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The following guide will give you a starting point to begin with KILT. You will learn how to:

  1. Import the KILT SDK into a project
  2. Connect to the KILT blockchain
  3. Query a web3name to get its DID
  4. Verify a credential, available via a DID service

After completing the quickstart guide, you should have gained a better understanding of KILT through hands-on experience. The guide requires some experience with javascript and command-line tools. We will recommend guides to other tutorials to dive deeper into some of the topics.


We will focus on creating a new project from scratch, which will require a little setup. First, we need to create a new project in a new directory. For this, we run mkdir kilt-rocks && cd kilt-rocks.

From inside the kilt-rocks project directory, install the KILT SDK, Ts-node, Axios and Typescript:

npm init -y
npm install @kiltprotocol/sdk-js axios ts-node typescript

With all the required dependencies set, just create a new (empty) script file with touch quickstart.ts.

After you have imported the SDK you will be able to access the functionalities that KILT provides. We are making a new file that contents the compiler configuration for typescript.

touch tsconfig.json

Inside the tsconfig.json add in the following value:

"compilerOptions": {
"module": "CommonJS"

Let's first declare our main function that will execute our script:

export async function main() {
console.log('Hello, world!')

If the setup is correct you can execute the script by calling the name of the file using Node.

yarn ts-node quickstart.ts

As we will extend the code in this file, you can always excute it with the same command.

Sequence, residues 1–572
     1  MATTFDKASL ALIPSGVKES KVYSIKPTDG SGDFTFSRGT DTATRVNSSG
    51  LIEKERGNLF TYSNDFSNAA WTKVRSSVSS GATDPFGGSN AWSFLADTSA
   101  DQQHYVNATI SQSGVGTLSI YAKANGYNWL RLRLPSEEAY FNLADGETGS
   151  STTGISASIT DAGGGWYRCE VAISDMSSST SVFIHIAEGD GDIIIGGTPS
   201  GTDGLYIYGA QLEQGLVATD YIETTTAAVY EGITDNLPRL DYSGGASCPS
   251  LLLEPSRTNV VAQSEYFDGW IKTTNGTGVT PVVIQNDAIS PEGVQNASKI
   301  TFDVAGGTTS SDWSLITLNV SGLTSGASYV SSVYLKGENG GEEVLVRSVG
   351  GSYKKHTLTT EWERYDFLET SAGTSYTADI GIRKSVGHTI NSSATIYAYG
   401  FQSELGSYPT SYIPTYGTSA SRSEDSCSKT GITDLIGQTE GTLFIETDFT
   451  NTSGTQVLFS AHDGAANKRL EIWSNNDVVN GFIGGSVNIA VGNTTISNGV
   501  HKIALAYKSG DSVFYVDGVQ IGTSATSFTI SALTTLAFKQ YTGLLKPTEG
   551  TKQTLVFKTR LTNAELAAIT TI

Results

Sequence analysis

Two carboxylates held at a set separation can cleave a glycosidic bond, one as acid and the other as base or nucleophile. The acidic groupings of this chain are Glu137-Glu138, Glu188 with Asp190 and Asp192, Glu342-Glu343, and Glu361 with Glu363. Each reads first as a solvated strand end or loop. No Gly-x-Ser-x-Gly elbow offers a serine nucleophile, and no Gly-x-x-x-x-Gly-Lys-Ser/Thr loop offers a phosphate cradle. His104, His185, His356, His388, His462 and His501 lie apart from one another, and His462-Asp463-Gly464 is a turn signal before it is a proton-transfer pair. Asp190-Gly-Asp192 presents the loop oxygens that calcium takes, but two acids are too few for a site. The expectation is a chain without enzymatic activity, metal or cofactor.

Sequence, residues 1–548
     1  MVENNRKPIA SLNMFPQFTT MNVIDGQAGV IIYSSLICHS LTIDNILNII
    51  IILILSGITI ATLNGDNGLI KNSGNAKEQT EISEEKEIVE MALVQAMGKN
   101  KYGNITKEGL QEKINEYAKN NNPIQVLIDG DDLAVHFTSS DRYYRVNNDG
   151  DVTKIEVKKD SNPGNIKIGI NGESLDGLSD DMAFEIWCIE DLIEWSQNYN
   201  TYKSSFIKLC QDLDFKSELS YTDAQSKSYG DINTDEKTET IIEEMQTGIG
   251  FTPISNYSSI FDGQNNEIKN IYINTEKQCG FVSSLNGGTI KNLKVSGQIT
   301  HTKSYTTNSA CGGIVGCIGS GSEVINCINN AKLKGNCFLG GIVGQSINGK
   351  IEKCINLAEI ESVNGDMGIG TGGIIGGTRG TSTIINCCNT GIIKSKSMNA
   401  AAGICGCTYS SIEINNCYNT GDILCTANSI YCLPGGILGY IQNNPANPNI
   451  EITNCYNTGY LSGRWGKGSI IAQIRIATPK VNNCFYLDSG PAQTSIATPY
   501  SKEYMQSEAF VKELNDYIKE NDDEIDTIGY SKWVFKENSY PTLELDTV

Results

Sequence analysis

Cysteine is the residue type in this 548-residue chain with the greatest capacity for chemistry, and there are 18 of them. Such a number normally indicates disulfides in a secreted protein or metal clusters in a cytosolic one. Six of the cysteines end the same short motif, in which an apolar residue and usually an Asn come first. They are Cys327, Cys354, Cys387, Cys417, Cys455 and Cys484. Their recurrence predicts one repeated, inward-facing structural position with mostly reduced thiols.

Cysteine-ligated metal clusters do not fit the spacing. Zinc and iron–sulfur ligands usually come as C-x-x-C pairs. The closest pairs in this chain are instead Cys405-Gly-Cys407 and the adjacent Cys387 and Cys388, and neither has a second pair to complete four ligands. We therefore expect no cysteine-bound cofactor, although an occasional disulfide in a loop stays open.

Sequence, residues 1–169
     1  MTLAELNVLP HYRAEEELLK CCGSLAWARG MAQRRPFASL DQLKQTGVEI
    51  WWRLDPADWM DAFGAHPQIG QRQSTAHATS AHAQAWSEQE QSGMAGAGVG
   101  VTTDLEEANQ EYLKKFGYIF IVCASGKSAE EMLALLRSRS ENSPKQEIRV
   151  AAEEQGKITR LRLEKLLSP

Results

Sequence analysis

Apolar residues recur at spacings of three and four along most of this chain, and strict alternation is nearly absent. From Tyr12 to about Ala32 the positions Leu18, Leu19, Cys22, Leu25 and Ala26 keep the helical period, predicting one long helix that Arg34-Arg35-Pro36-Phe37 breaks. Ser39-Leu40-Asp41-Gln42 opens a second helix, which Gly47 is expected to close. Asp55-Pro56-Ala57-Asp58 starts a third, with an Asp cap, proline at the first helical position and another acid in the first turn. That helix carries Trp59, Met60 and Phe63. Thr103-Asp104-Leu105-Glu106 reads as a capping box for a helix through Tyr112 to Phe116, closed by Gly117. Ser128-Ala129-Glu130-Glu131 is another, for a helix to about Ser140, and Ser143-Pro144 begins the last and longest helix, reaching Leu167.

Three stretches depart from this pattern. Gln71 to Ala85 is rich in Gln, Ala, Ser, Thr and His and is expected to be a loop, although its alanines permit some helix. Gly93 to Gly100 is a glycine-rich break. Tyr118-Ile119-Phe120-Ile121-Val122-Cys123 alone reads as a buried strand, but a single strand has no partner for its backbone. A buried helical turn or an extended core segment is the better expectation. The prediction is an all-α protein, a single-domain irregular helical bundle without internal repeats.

Let's get started! 🔥

Import the KILT SDK​

Let's begin by importing the KILT SDK and Axios:

import * as Kilt from '@kiltprotocol/sdk-js'
import axios from 'axios'

Now you are able to access the SDK and all its functionality. We will move onto connecting to the KILT blockchain.

Connect to the KILT Blockchain​

Connecting to and disconnecting from the KILT blockchain is required for any operation that relies on the KILT blockchain, such as querying and verifying a credential.

Still within the same main function, you need to configure the SDK to connect to a KILT node. For this, the SDK exposes Kilt.connect() to configure the address of the node to connect to.

We will use the official Spiritnet address:

await Kilt.connect('wss://')

const api = Kilt.ConfigService.get('api')

After establishing a connection, you have access to the chain, but let's not forget to close any connections when we are done! Connections to blockchain nodes should be dropped when no longer needed: to do that simply call the Kilt.disconnect() function at the bottom of main function.

await Kilt.disconnect()

Congratulations! You have connected to a Spiritnet node. Let's now start querying some data from the chain!

Query the KILT Blockchain​

We will be querying information related to a web3name (john_doe), and using them to retrieve the KILT DID linked to it. In between the Kilt.connect() and Kilt.disconnect() lines, add the following code:

const encodedJohnDoeDetails = await'john_doe')

// This function will throw if johnDoeOwner does not exist
const {
document: { uri }